Marius Barbeau: The public face of “folk culture”
“They don’t just want the ribs, they want the whole experience.” Freddy’s BarBQue/ House of Cards, 2014
Marius Barbeau (1883-1969) nearly single-handedly shaped Canadian folk studies (including music) and ethnography. Quebec born (in 1883 in Ste Marie-de-Beuce, an 18th century municipality) of a farming family, he liked to play Irish jigs on his fiddle, and eventually studied at Oxford and the Sorbonne and joined the newly formed anthropology division of the Geology Survey of Canada in 1910. Under the direction of American anthropologist Edward Sapir, he and his colleagues promoted intensive fieldwork and brought “professional authority” to salvage ethnography efforts and the popularization of “traditional” cultures of Canada. Some writers would say Barbeau “created” a culture of modern Canada due to his very public work and long lasting career. His work, including texts, photographs, recordings and films on the Huron-Wyandot and Tsimshian and French-Canadians fills archives and there is a French Canadian arts and crafts museum named in his honor. He was the founding president of the Canadian Folk Music Society, now the Canadian Society for Traditional Music at York University. It maintains guides to archives and databases of music for all of Canada.
His work, and the ideology that drove “salvage” work raises interesting questions for roots musicians today.
Nass River Indians (reconstruction available at Canadianfilm.com)
Nass River Indians (1928)was made to be screened during one of the first exhibits of Native North American art in an art gallery. After this use, the film “disappeared.” Some footage survived and the film was “reconstructed.” The film is, the new titles announce, “an example of attitudes toward Aboriginal people in the 1920s.” The Nisga’a Lisims Government have added further contextualization…the film is ”part of the history of colonialism,” and reflects “cultural misconceptions” of the era. Indeed, it reflects the efforts and ideologies of early ethnographic filmmakers like Robert Flaherty and Edward Curtis who sought to portray a pre-contract society in contrast with a people impacted by the west.
In the first few frames, we are informed that Barbeau and Dr. Ernest MacMillan set out with camera and phonograph to record the “vanishing culture, the rites and songs and dances of Indians” along the Pacific Coast.
The black and white footage contains images of the Nass people as laborers in a “white man’s culture”: fishing, packing salmon, and working assembly lines. Barbeau uses these working men and women as evidence to support salvage ethnography’s antimodernist agenda. This is a “vanishing” culture, he suggests. “Civilization is overtaking the redman” the titles announce. The camera lingers on smiling cannery workers and babies in “perambulators” then moves to staged images of an old man dancing—one who remembers “pagan” dances. His isolated show of the “traditional” is contrasted with frames of Native people playing in a religious band. There is no analysis and the Nass River people have no voice.
The idea of “traditional” is, of course, a cultural construct. “Cultures” are always and have always been dynamic, changing, adapting, borrowing and giving. Those who romanticize the “traditional” are blind to the incredibly robust capacity people have to develop survival strategies, to maintain the stories and ideologies that they value, and to resist oppression and efforts to deny them even in the face of enormous loss. Stories and the music and the art transform and a people cannot be represented by selected, static artifacts and shards “collected” by those from the dominant culture who showcase and romanticize them, as well meaning as they were.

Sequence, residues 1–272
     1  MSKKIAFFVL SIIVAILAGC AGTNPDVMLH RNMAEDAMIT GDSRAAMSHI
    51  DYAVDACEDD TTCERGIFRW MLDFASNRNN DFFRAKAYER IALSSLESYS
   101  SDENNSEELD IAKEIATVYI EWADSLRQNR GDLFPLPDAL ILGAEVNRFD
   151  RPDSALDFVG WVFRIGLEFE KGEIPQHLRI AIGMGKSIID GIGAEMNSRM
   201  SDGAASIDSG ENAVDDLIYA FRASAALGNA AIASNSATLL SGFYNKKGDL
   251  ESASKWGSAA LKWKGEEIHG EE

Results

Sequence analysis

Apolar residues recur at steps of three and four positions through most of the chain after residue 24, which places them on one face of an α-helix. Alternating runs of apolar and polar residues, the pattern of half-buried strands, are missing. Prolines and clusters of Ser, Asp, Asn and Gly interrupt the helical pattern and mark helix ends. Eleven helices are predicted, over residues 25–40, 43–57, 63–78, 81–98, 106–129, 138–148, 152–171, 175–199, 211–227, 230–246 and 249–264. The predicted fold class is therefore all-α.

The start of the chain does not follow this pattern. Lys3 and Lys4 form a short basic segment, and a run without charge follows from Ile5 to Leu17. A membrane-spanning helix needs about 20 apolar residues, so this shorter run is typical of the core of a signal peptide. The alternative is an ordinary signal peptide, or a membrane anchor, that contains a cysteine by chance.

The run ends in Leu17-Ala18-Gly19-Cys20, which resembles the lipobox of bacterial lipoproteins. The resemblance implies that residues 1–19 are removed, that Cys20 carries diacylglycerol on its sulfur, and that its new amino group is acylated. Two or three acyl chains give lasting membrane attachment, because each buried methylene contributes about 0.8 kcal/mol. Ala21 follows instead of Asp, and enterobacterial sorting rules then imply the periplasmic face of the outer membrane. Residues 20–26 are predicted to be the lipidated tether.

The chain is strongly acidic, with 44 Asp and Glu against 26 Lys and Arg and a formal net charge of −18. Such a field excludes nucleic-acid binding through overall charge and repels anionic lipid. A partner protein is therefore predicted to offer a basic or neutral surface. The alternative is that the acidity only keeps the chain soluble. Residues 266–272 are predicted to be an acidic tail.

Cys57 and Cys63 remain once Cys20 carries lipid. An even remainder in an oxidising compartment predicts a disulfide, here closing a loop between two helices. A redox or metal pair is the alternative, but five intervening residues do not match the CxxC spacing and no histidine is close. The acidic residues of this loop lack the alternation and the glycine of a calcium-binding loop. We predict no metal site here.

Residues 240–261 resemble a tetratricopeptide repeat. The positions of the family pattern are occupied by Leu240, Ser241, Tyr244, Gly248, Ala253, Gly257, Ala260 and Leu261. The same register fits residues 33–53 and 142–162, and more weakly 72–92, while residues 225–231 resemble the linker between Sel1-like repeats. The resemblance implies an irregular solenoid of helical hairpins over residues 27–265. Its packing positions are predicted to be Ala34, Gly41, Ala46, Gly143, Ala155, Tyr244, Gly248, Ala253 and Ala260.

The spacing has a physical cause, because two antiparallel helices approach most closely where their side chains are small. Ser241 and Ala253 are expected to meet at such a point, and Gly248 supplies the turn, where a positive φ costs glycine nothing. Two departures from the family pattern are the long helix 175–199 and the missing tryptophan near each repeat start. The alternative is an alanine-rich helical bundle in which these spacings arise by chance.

Barbeau not only promoted collection, but he was a popularizer. He worked with Canadian writers and artists (like Emily Carr, a EuroCanadian who made a name, in part, by painting ghostly representations of totem poles in the Pacific Northwest) made films, promoted reenactments and museums. Some say he created the idea of a multicultural rich Canadian culture (sans referencing the politics of colonialism and oppressive economic and political policies) and left a legacy that still holds sway over the imagination of, say, Americans. That romantic view of Canada and its purity I would argue still fuels the dreams of those whose default statement when things get bad back home always threaten to “move to Canada.” The “traditional” Canada he promoted was rural, simple, wise, simple and full of charm. One needs only read the histories of Canada to know how fraught reality was and is.
So what does this mean for roots musicians and present day “collectors”? And what does it mean that music is removed from hometown dance halls and kitchens to the stage, big tours, and appearance in venues that have nothing to do with its roots. I would argue that one might at the very least strive to understand the ideological as well as the musical truths and history of those pretty tunes and lyrics. Salvage musicology like salvage archaeology and salvage ethnography assumes that fragments and shards of traditional culture are important. No doubt in some ways they are. But a stand alone artifact out of context can mislead and without an understanding of the pulses of imperialism and capitalism that isolated and left it standing on the margins in the first place will warp the truth and vibrant reality of an ever changing cultural narrative from which the music sprang.
The Nass River Indians didn’t disappear. The Quebecois of Barbeau’s youth didn’t disappear. The Huron-Wyandot didn’t disappear. Cultural processes aren’t magical acts like rabbits in hats. As more and more “roots” music is packaged for history bereft consumers, it is even more important to understand and appreciate that.
Thanks to Linda Jessup, ……………..all who have written thoughtful critiques of Marius Barbeau’s work.